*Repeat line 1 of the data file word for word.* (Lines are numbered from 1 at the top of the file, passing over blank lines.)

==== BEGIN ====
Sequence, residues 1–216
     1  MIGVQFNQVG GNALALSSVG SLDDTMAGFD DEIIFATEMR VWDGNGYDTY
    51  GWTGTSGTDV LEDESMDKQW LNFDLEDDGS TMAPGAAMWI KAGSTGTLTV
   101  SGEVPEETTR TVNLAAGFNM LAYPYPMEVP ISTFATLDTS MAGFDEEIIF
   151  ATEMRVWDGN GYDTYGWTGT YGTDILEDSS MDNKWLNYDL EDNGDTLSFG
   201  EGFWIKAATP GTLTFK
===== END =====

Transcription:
Sequence, residues 1–216